I usually use fillings like minced meats or seafood pastes, seasoned with soy and mixed with spring onions and garlic. If I want some crunch, I would add some water chestnuts or carrots. In fact, this is a great dish to make if you have leftovers that need to be used up. Season with salt and pepper, if desired. That's it. No need for egg or corn starch. Just pack in as much as you can into each puff, and then fry them. You'll find that the fillings retain their juiciness really well.



On a separate note, school is almost out and I have been taking my kids out more frequently, which means I have been cooking and baking less these days ;) A welcomed break!


I used to seal the openings with toothpicks before frying, but discovered that as long as you are using fillings that are sticky/gluey, you don't need to. Probably only required for crumbly fillings. Try these. I make them all the time, and I am sure you will like them too!

Wednesday, November 11, 2009

Kitchen Disasters

We ALL have them. Even the most seasoned cook/baker has his or her "off" days. The most important thing is, we learn from them :)

Read about my friends' funny encounters ... both involving pandan cakes! What a coincidence!

- Zurin at Cherry on a Cake
- Ellie at Almost Bourdain

These are truly gifted ladies who can cook, bake, photograph and blog spectacularly. That they share their "off" days with us just shows that they are not afraid to poke fun at themselves :) And that is such an endearing quality!

What is your kitchen disaster? ;)

Monday, November 9, 2009

Light Pandan Sponge Cake

I was happy to hear that 2 of my blogger friends tried baking my No Ovalette Moist Sponge Cake, with success. Coquerie de Chapot did an angelic version here while Cherry on a Cake gave it a pandan twist. I thought adding pandan was a brilliant idea - thanks, Zurin! Do blog about your cake soon ;)



Now, if you are unfamiliar with pandan - which very likely means you don't come from Southeast Asia - it is a plant which features prominently in Asian cooking/baking. To me, pandan is to Asian what vanilla is to Western :)

The leaves are used because they impart a sweet, gentle, musky fragrance which makes everything smell and taste delicious. I knew of a lady who, instead of drinking her water plain, would throw some pandan leaves into her kettle so that she could have pandan-flavoured water to drink. Now, that may be worth trying if you don't like drinking your 8 glasses a day.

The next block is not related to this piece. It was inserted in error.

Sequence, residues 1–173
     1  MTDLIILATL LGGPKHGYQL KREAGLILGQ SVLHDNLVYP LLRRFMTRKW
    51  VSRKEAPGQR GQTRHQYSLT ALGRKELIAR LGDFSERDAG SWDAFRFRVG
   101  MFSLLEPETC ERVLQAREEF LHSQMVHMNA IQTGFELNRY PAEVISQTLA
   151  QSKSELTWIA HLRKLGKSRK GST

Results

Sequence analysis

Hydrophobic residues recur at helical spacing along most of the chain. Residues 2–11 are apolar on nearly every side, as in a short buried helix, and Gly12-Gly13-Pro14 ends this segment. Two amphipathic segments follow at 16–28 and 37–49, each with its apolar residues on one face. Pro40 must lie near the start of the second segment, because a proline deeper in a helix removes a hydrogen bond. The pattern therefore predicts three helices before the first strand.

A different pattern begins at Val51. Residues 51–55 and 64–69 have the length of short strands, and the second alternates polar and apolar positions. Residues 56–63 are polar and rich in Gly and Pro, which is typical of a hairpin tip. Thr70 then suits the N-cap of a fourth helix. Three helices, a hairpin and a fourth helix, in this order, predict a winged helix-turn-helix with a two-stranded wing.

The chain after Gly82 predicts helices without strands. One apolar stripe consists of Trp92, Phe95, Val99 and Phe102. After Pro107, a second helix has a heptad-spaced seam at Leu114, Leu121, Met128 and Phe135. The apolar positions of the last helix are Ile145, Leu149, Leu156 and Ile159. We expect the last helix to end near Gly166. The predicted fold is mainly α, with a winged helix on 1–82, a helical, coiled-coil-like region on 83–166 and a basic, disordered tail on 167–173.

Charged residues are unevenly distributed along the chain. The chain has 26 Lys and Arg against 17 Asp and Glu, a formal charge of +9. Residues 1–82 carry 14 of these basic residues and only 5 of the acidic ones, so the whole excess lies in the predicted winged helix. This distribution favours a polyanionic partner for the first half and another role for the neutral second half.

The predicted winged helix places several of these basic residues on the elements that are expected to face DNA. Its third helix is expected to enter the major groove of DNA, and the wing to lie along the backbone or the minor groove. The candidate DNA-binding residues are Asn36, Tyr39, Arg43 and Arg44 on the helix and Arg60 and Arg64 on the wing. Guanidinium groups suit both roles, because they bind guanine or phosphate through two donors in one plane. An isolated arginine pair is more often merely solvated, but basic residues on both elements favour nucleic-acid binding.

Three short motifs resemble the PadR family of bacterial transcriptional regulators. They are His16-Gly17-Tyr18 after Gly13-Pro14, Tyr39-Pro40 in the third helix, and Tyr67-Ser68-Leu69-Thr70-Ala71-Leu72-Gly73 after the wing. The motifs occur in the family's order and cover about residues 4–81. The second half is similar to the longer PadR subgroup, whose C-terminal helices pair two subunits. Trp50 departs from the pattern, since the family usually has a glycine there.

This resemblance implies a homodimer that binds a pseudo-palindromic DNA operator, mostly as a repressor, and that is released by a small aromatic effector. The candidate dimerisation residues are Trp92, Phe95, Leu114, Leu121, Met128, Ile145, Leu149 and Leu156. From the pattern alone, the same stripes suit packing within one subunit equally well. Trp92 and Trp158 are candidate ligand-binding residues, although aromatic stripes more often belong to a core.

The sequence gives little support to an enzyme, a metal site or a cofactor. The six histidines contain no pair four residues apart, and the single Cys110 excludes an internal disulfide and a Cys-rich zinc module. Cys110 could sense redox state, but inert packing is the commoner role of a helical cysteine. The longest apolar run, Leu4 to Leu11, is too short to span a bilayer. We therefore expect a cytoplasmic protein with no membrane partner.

Anyway, this cake was another of my kitchen experiments. It still needs a tiny bit of fine-tuning to get it right, so try this at your own risk ;) I would recommend increasing the flour by another 20g. The batter was a little thin.



Nonetheless, it was great fun making this cake. I involved my kids, so it was messy ... but fun. When the cake went into the oven, I noted the slightly thin batter and prayed that it would rise.

And golly, did it rise! It rose evenly and beautifully! The aroma wafting from the kitchen into the living room was pure heaven.

I realised that the unflattering pale shade of green was what a REAL pandan cake should look like. Suddenly, those bright green, commercial ones look so garish by comparison. What I liked in particular was the hint of coconut. It gave the cake a lovely richness.



We had slice after slice effortlessly, for the taste of pure pandan was addictive. I did note that the cake was slightly dense at the bottom. Still, I told my children, looked what came out of our little experiment today! Nothing ventured, nothing gained.



Recipe
(my kitchen experiment - try at your own risk!)
- 3 eggs
- 120g flour (I would up this to 140g next time)
- 80g caster sugar
- 1 1/2 tsp condensed milk
- 1/3 cup melted butter
- 2 tbsp coconut cream
- 1/2 cup fresh pandan juice*
* I threw 3 bundles of pandan leaves into the food processor together with 1/2 cup water, then blitzed till the leaves became pulpy. After that, I poured the pandan juice through a metal strainer.

1. Combine melted butter, coconut cream and pandan juice. Stir well and leave aside.

2. In a mixing bowl, beat 3 eggs, condensed milk and sugar till creamy, pale and stiff.

3. Fold in the flour in 3 parts, alternating with the pandan juice. Start and end with flour. Do not overmix.

4. Pour into a 6 inch pan that has been well greased and floured.

5. Bake in a pre-heated oven at 170 degrees celsius for 40 mins or until a skewer comes out clean. Tent with a foil if top browns too quickly. Allow cake to cool before cutting.

Saturday, November 7, 2009

Corn, Prawn And Banana Fritters

I made these fritters twice already. First time here, the second time here. And they are BACK! This time with a new addition - bananas! Yup, here is another great way to use up those ripe bananas instead of making them into cake.



I love them so much I made lots for last night's dinner, so that I could have extras today, as snacks. And even better, I relished every single bite while flipping through a new cookbook (with my non-greasy hand). Ah ...


I took a big bite for your sakes, dear readers ;) Just so you could see what the insides look like.

Recipe
(adapted from recipe by Amy Van, Today newspaper)

If you want a pictorial guide, click here.

- 150g fresh prawns (shelled, deveined and chopped into small chunks)
- 2 ears sweet corn (peeled, washed, kernels removed from cob)
- 2 shallots (peeled and chopped)
- 1 stalk spring onions, chopped
- 1 red chilli (seeds removed, sliced or chopped)
- 2 ripe bananas, cut into small chunks
- 300g flour
- 1 tsp baking powder
- 375 ml water
- Oil for deep-frying
- Salt, to taste
- Pepper, to taste

1. Sift flour and baking powder into a bowl. Add salt and pepper. Slowly stir in water to obtain a thick batter (batter should slowly drip off the spoon).

2. Add prawns, shallots, sweet corn, banana chunks, spring onions and chilli to the batter. Stir until well-mixed.

3. Heat the oil in a skillet over medium-high heat. Drop 1 tbsp of batter into the oil, one at a time, until the skillet is filled up. Make sure your have sufficient space in between fritters so that they don't stick. Flip the fritters to ensure that both sides are browned. Fry in batches.